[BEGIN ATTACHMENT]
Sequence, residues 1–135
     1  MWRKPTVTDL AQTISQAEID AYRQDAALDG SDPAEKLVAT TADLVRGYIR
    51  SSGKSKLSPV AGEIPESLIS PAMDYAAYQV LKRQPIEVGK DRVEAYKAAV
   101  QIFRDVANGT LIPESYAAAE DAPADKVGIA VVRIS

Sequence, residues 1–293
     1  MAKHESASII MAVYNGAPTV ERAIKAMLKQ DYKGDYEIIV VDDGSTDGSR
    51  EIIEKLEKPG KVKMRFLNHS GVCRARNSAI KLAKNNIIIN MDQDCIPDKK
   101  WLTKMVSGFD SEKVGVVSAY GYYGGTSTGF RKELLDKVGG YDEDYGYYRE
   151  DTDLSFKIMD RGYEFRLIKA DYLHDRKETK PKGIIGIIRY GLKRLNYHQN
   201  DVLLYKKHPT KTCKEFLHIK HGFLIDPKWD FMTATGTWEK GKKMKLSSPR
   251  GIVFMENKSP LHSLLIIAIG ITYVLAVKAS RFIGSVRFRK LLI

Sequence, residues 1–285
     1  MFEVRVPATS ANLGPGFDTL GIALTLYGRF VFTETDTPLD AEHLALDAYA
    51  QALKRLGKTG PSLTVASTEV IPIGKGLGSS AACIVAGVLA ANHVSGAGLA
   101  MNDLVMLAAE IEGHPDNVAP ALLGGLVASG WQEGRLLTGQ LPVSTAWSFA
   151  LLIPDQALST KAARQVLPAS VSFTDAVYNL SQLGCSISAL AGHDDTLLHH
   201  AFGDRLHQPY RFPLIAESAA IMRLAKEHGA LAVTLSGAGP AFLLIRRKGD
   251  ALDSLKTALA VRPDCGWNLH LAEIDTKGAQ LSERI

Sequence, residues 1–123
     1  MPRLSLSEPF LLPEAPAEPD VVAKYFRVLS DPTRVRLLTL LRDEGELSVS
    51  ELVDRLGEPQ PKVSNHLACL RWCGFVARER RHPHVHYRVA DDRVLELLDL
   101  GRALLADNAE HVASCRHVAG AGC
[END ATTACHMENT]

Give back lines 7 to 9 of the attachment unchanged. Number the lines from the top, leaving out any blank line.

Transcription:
    51  EIIEKLEKPG KVKMRFLNHS GVCRARNSAI KLAKNNIIIN MDQDCIPDKK
   101  WLTKMVSGFD SEKVGVVSAY GYYGGTSTGF RKELLDKVGG YDEDYGYYRE
   151  DTDLSFKIMD RGYEFRLIKA DYLHDRKETK PKGIIGIIRY GLKRLNYHQN